I visited an Amazon local store in U.S. You can call it a pickup location. Interestingly, that is the very reason that makes it a brilliant idea. Amazon is trying to flip the logistics burden: instead of going to your house to deliver, it offers you the choice to come to its store and pick up your purchased items. In that store, you cannot buy anything physically. Largely, people come there to pick up items.
It offers deep convenience as it solves the problem of delivering items when people are at work, and away from homes. It also reduces costs for the shopper since you do not have to pay shipping cost. Generally, Amazon will save money doing this. It plans to have many of them across American cities. The implication is that Amazon will increase its real estate or rent expenses. Sure, the stores are very small, and rent cost will not be that significant, when compared with the savings for not sending people to homes to deliver items.
Leaving work at 5pm, place the order at 1pm and on your way home, you can pick up the items at Amazon Store. This is one way Amazon is showing that the “e” in commerce is all but gone. We are in the age of hybrid-commerce because winning this will involve winning on atoms besides conquering all the competitors in bits and bytes. I have written extensively on the marginal cost element of ecommerce and how the logistics component dominates that. So, Amazon is doing all necessary to reduce that cost with these pickup stores.
[Updated this section Nov 20th with news of this Alibaba deal] Alibaba is also betting big on brick-and-mortar retail. The Chinese e-commerce giant paid $2.9 billion for a 36% stake in Sun Art, the largest operator of Walmart-style stores in China. These firms are pushing into offline shopping.
Alibaba Group Holding Ltd.’s $2.9 billion deal to buy a slice of China’s largest hypermart chain pits it against Wal-Mart Stores Inc. in the world’s largest retail arena.China’s biggest e-commerce company agreed to acquire 36 percent of Sun Art Retail Group Ltd., which operates about 400 hypermarkets under the Auchan and RT-Mart banners. As part of the deal, France’s Auchan Retail SA will raise its stake in the Hong Kong-listed company to a similar level, and form an alliance with the internet giant to tackle the same Chinese food retail sector Wal-Mart’s targeting.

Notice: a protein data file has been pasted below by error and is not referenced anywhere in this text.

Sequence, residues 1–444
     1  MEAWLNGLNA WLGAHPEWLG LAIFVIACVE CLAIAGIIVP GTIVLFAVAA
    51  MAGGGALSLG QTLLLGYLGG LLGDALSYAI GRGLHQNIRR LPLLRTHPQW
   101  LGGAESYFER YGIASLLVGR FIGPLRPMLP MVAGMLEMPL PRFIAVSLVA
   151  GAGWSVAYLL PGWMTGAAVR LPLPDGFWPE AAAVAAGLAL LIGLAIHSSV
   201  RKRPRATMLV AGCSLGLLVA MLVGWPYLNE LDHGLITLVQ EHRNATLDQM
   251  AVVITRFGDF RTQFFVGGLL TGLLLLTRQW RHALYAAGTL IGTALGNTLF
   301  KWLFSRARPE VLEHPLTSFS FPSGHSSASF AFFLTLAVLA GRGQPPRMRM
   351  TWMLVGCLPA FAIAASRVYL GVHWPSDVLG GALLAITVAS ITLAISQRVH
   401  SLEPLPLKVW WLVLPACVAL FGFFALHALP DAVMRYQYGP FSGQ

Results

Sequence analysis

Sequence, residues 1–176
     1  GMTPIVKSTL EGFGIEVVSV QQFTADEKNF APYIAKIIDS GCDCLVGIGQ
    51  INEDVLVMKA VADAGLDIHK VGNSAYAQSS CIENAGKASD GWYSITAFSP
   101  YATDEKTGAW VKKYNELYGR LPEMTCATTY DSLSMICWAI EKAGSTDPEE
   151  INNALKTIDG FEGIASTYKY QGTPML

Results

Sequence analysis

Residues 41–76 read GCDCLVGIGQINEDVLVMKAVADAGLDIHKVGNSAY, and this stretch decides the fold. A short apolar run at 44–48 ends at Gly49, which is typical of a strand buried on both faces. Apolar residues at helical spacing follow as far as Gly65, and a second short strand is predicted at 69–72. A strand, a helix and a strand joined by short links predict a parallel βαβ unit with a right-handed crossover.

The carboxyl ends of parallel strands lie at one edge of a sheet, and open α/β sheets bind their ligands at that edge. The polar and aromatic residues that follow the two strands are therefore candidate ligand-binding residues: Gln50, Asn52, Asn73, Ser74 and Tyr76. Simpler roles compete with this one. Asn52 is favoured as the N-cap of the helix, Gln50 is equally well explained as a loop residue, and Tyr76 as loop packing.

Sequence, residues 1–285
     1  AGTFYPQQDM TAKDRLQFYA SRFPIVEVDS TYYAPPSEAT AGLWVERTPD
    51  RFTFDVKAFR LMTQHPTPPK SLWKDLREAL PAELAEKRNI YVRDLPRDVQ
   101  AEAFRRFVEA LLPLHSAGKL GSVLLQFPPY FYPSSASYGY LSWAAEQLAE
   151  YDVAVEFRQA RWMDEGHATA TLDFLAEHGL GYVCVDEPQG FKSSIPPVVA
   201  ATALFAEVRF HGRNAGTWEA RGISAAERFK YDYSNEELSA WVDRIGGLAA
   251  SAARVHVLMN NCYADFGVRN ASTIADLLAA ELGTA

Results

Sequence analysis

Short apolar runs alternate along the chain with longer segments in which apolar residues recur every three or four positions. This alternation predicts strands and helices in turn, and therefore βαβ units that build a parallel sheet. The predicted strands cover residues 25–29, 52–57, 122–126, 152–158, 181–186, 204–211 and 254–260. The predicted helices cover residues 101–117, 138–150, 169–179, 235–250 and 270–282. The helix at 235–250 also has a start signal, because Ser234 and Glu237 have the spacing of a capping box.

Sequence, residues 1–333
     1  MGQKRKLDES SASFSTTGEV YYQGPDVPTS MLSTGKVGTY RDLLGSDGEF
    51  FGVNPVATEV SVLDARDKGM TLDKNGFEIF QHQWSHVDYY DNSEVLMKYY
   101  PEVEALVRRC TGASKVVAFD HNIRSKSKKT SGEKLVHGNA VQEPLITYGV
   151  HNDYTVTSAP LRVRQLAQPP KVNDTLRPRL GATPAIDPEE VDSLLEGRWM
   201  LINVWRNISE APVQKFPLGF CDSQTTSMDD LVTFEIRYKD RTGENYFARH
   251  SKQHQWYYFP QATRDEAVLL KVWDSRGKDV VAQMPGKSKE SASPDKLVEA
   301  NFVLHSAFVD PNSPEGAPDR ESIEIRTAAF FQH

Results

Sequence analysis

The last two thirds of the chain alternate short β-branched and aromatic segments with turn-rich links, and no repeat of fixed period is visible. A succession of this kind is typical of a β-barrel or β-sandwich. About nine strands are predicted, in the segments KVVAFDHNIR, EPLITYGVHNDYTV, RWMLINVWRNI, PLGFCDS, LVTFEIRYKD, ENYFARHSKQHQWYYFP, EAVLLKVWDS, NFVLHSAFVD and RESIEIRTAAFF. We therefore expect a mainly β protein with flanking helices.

The physical world is where the money is: “The U.S. online grocery market is estimated to generate sales worth of about 14.2 billion U.S. dollars in 2017, with sales forecast to reach 29.7 billion U.S. dollars by 2021.” But “in 2016, U.S. grocery store sales amounted to about 626.98 billion U.S. dollars” . Simply, to win in grocery, you need a physical element.
I predict that within the next few years Amazon may offer coffee and tea in these local stores with devices where people can order things while they drink!
Nigerian local entrepreneurs should consider how the market is changing and adjust. It may be time for them to start striking partnerships with local stores. Amazon bought a local Indian supermarket primarily to have pickup locations to reduce delivery cost. That also helps it to mount more pressure on the physical competitors. Alibaba has been operating supermarkets for three years now, and opening new ones. If U.S. and Chinese markets are not easy to deliver great value via pure ecommerce, Nigerian market should not be expected to be different. Konga and Jumia should study these elements, even as they roll out their own pickup stores, to explore if they need to move into the physical commerce with more vigor.
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